It’s a little over a week into the Monster Energy Outbreak Tour and Chris “Fronz” Fronzak, frontman for the metalcore band Attila is having a blast. “We don’t feel any pressure to deliver after the other acts have played,” he says. “We’re just doing what comes naturally. We’re here to destroy.” The band’s new album, Guilty Pleasure, is the group’s most aggressive to date. The first single, “Proving Grounds,” features heavily distorted bass and drumbeats as Fronzak sputters and spits like he’s possessed by some kind of evil spirit. Fronzak phoned us from a tour stop to talk about the tour which Attila is headlining.
You were still in high school when you started the band. How did the group come together?
I just wanted to play music and be in a band. I was a freshman and our drummer was a senior. We met up and started the band. We started from the bottom and now we’re here.
Was there a good metalcore scene in Atlanta at the time?
To be honest, there was a decent metal scene but everything that was coming out was really, really gay. Christian metal was the fad. We were different than everyone else. Everyone was playing Christian God metal. We were rebellious party metal. We were different from everything at the time, especially living in the South. It was a good local scene to grow up in for sure.
What pushed you in a different direction?
Religion is really prevalent in the South, but I just thought it was really, really stupid. I thought metal and rock ’n’ roll should be about rebellion and going again the rules and not about worshiping a bible or something. I don’t think that belongs in rock ’n’ roll. I think that’s gospel music, which is not metal. I thought there should be a metal band about partying and that’s why we started.
Were you listening mostly to rap or metal?
To be honest, both. We listened to a lot of hip-hop. We like heavy music too so that’s how you get Attila.
Talk about the recording process for Guilty Pleasure. What were you going for sonically?
We wanted to produce an album that was heavier than the last album. We wanted to incorporate seven-string guitars and new tuning while exploring our nu-metal side while still keeping our sound. We just wanted to bring something new to the table. I’ve heard people say it’s a combination of our last album and one of our oldest albums. That’s what we went for — a new blend of old and new.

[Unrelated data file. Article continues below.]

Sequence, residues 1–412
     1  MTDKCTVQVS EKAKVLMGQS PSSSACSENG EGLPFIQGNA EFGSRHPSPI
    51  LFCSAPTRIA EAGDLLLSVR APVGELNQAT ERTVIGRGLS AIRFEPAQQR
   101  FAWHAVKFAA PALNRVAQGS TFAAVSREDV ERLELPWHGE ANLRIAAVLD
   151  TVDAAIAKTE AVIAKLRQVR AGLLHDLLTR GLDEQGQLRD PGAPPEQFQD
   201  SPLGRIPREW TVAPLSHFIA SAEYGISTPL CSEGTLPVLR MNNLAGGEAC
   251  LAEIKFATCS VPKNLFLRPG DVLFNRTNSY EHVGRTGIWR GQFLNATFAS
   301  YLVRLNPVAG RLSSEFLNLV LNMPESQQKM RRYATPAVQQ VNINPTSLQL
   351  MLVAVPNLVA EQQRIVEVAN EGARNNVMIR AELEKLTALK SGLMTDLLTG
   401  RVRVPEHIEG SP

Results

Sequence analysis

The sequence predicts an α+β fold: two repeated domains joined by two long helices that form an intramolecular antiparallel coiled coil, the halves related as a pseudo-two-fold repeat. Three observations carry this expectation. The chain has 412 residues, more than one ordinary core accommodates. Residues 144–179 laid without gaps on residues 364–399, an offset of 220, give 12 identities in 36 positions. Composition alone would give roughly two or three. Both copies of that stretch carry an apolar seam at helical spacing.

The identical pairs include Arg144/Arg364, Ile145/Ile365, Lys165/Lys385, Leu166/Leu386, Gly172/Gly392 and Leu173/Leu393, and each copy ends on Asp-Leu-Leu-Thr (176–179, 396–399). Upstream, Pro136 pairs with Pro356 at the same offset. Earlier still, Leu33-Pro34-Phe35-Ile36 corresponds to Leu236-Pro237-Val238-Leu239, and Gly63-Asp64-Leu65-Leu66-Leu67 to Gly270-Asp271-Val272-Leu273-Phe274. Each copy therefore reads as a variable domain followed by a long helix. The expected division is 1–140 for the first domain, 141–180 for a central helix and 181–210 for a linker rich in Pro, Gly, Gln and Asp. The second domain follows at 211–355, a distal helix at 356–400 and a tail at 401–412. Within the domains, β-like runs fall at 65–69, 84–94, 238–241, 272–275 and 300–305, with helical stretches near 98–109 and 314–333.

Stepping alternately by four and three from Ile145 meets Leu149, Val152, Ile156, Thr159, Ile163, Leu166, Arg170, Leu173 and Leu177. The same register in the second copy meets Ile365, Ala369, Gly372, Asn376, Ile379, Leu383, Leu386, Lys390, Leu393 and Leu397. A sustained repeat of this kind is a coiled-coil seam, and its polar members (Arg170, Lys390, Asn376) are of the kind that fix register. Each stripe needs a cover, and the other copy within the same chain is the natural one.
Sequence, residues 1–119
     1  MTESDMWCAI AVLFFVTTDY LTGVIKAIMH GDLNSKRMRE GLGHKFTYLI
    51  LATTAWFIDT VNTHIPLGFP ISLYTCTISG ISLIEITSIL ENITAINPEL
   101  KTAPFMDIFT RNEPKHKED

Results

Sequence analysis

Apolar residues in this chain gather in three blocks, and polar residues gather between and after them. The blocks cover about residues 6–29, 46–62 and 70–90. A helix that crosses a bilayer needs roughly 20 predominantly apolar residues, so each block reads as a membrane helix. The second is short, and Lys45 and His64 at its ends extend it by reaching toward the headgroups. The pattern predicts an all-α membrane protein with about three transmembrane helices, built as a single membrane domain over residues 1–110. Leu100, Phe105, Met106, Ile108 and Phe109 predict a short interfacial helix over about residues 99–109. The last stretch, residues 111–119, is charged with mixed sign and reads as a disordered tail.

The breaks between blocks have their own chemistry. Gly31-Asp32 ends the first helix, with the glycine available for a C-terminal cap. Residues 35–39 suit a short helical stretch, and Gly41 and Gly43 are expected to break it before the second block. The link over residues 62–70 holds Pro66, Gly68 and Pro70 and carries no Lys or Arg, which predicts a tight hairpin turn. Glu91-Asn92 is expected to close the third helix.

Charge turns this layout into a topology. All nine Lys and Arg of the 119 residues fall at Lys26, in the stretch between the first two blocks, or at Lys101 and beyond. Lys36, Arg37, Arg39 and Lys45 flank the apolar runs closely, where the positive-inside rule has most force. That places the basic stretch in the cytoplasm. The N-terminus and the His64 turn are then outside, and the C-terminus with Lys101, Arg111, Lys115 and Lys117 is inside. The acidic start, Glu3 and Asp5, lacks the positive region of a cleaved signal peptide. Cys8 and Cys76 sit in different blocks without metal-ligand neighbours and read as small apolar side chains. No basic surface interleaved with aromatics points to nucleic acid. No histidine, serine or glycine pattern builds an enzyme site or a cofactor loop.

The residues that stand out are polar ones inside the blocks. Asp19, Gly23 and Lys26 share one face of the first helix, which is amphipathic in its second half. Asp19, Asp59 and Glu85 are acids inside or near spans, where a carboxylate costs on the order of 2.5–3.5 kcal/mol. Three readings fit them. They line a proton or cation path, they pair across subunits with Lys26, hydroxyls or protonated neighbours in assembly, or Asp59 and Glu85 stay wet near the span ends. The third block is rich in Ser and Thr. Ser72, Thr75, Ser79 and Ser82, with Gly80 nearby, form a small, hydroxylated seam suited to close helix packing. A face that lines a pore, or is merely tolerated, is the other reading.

Talk about the recording process.
Recorded with Joey Sturgis in Detroit, which is where we recorded our past couple of albums. He’s just got really good tones. His mixing is on point. Since we’ve recorded the past few albums with him, he knows our sound and knows what we’re going for. It’s a no bullshit environment where we get a lot of work done.
You like Detroit?
I like it as long as we’re up there when it’s not cold. I really hate the cold. I like it for half the year.
Talk about the concept for “Proving Grounds.”
That song is just about when you’re in the space of despair and people are going against you, you should do your best to prove them wrong and show them what you’re made of. That’s the overall gist of that song. It’s really, really heavy. We wanted to make a brutally heavy song.
You just released the video.
Yeah, we shot it in England. We were supposed to release it a long time ago. I don’t know why that didn’t work out.
Did you have any second thoughts about using the word “faggot”?
No, not at all. I said it 250 times on our last album. Not a single person said anything about it. I said it twice on the new album and every single person heard about it. I didn’t regret it all. It’s like where were you on the last album when I said it way more? I think I said it at least once on every song and everyone loved the album and no one said a single word about it. People are picky and choosey. They want to get upset about something and they just always find something about us to get mad about. They’re still putting us in the headlines, so I don’t care.
Why do you think your last album became your most successful album?
I think it was our time to shine. We had just come off a big tour. We had a lot of people rallying behind us. It was just our time. I know for a fact that this album will be significantly bigger so I’m excited.
Metalcore has gone through some cycles. Is the music on the upswing?
Definitely. I think this tour we’re on is proof of it. Every night, 1500 people or more are coming out to see us. We’re not playing radio music. We’re playing super heavy shit. So there’s definitely a market for it. People definitely like it. The more dumb pop music that comes out, the more popular we get because people want something different.
Any good memories from playing in Cleveland?
The last show we played in Cleveland was on Warped Tour and it was easily one of the craziest dates on the tour. It was on this stage in the middle of the woods, which was weird, but People were going apeshit crazy. We had more crowdsurfers at that show than at any other show.
Monster Energy Outbreak Tour 2014 with Attila, Crown the Empire, Like Moths to Flames, Sworn In, 7:30 p.m. Wednesday, Dec. 10, House of Blues, 308 Euclid Ave., 216-523-2583. Tickets: $21 ADV, $23 DOS, houseofblues.com.
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